The International Monetary Fund (IMF) wants to increase its reserves and lending capacity by 650 billion dollars (548.6 billion euros) through a new issue of special drawing rights (SDRs), the monetary instrument of the IMF, said its general manager Kristalina Georgieva on Tuesday.
The official said she has broad support among IMF member countries to increase the Fund’s assets and “do everything possible to weather the worst recession since the Great Depression.” A formal proposal will be submitted by June to the institution’s Board of Directors.
“I am very encouraged by the initial discussions on the possibility of an SDR allocation of 650 billion dollars,” said the boss of the IMF. “By meeting the long-term global need for reserve assets, a new allocation of SDRs would benefit all of our member countries and support the global recovery from the Covid-19 crisis.”
The proposal is for an SDR allocation equivalent to $ 650 billion that will provide additional ammunition to the institution to help countries overcome the crisis caused by the pandemic “by providing additional liquidity to the economic system”, according to the leader of the IMF.
A new issue of SDR, the first since 2009
The G7 Finance Ministers, meeting Friday by videoconference under the aegis of the United Kingdom, had already officially supported the idea of strengthening aid to disadvantaged countries weakened by the pandemic, through the International Monetary Fund.
British Chancellor Rishi Sunak and “G7 finance ministers are in favor of a new and important special drawing rights issue to help vulnerable countries get through the current crisis,” the statement from the UK’s financial backers said. from France, Germany, Italy, Canada, the United States and Japan.
This new issue of SDRs, rights equivalent to assets to provide liquidity to the countries concerned, will be the first since 2009, just after the financial crisis that led to the Great Recession.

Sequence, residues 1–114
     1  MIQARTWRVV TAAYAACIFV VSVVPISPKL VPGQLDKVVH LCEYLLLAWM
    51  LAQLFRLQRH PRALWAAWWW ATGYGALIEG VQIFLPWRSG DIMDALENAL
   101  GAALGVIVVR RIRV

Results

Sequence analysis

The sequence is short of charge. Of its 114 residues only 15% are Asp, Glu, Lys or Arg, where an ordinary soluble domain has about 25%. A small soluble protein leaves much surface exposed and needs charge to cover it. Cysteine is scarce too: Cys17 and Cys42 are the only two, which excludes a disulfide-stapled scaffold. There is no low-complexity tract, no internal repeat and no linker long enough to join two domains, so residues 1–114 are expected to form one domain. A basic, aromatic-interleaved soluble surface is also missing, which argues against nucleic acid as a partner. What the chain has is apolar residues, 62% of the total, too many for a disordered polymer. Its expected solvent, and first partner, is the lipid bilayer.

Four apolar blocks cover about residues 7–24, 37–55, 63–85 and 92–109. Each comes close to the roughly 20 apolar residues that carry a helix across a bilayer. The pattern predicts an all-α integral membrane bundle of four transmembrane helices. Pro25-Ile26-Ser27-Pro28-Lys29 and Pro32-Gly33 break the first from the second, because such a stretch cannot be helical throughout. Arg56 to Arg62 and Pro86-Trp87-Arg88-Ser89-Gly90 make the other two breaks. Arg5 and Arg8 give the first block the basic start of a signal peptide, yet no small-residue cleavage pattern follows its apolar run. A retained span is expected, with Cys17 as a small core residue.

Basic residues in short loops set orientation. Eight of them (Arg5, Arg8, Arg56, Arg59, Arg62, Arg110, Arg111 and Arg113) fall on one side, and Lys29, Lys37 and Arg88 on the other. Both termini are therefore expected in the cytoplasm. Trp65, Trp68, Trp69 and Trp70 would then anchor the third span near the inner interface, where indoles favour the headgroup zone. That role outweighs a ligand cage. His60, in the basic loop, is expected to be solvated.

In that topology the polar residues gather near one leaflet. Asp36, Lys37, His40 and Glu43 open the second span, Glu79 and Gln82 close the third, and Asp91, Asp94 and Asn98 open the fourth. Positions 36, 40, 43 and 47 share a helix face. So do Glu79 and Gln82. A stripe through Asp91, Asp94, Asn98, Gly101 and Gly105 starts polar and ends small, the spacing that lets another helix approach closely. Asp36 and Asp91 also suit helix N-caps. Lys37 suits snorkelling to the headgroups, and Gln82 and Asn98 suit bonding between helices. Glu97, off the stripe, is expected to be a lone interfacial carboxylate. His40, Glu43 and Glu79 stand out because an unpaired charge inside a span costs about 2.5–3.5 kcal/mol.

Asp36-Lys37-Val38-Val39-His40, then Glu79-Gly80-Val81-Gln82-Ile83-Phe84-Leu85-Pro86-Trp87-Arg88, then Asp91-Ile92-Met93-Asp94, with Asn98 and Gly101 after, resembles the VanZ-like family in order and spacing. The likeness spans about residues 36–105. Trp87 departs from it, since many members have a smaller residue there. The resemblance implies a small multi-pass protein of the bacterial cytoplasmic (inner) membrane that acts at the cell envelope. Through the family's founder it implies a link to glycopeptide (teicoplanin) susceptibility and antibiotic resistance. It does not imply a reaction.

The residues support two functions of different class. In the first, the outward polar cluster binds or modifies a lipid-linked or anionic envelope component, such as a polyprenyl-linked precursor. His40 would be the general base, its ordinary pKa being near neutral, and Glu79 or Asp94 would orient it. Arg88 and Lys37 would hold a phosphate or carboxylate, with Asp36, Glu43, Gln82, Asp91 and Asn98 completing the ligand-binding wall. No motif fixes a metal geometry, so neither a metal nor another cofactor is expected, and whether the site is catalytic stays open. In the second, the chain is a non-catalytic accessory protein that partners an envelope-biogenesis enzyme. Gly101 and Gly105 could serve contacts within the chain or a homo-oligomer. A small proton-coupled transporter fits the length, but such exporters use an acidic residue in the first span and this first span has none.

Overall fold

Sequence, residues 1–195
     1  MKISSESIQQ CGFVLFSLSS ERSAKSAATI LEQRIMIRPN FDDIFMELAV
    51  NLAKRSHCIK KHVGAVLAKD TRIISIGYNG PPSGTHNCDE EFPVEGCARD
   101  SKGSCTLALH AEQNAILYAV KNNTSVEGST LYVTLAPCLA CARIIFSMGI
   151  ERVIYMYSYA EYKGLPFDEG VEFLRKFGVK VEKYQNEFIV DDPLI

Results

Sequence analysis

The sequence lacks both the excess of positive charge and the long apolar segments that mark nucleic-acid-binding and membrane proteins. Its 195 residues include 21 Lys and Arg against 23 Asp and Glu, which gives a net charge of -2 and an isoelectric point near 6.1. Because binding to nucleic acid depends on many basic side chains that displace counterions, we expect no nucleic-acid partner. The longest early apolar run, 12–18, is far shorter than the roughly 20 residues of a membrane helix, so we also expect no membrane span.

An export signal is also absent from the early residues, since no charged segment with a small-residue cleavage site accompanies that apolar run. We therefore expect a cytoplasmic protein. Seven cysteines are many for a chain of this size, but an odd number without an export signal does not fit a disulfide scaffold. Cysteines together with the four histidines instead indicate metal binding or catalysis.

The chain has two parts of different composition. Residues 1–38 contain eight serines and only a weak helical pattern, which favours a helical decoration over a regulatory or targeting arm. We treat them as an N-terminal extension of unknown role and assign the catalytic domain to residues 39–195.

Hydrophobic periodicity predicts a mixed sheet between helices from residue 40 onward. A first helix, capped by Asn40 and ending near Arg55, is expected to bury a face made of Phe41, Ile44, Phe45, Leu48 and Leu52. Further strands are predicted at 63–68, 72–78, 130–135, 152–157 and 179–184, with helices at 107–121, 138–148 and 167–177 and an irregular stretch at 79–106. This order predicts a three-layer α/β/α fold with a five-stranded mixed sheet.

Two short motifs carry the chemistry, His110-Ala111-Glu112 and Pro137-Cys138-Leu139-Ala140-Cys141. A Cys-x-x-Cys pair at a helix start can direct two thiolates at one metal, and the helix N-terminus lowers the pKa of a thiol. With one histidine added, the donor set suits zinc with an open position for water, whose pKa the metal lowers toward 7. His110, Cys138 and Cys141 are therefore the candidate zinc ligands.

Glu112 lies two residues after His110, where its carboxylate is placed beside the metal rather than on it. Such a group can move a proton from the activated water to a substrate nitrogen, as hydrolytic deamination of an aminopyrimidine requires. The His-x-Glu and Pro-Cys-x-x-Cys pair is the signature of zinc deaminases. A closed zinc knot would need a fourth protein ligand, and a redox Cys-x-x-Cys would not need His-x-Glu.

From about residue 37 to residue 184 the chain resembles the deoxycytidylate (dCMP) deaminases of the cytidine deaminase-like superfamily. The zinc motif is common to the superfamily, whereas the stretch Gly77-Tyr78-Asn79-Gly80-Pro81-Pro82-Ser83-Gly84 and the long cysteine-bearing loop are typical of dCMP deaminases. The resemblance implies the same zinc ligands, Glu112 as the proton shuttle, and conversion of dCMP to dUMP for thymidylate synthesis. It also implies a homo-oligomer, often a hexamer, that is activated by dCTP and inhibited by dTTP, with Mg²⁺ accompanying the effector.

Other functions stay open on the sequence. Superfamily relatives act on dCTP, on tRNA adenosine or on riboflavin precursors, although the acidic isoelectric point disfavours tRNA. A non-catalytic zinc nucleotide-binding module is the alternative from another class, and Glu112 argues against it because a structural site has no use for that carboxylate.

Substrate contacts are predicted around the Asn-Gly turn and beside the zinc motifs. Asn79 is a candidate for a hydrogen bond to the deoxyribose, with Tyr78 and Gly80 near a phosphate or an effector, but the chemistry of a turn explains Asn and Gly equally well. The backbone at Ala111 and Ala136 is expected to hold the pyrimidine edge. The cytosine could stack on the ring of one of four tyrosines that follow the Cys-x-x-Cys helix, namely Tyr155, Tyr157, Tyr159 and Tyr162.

If approved, the allocation “would substantially increase countries’ liquidity without increasing the debt burden,” argued Kristalina Georgieva. “It would also free up much needed resources for member countries to help fight the pandemic, including supporting immunization programs and other urgent measures. And that would complement the range of tools deployed by the IMF to support our members in this time of crisis. ”
“Incredible progress”, according to the NGO Jubilee
Created in 1969 by the IMF to supplement the foreign exchange reserves of its member countries, SDRs can be exchanged in the accounts of a member country for currencies. Their value is based on a basket of five major international currencies, the dollar, the euro, the pound, the renminbi or yuan, and the yen.
On the side of the G7 partners, this support from the major financiers “lays the foundations for a potential agreement at the April meetings of the G20 and the IMF Committee” so that “no country is left behind in the economic recovery. after (the pandemic of) coronavirus ”, indicated the British minister.
The NGO Jubilee on Tuesday described the announcement as “incredible progress”, according to Eric LeCompte, director of Jubilee USA Network. “Developing countries need these resources to confront the crisis as quickly as possible,” he added, hoping that with this new allocation, 224 billion dollars (189 billion euros) should be immediately available for low and middle income nations.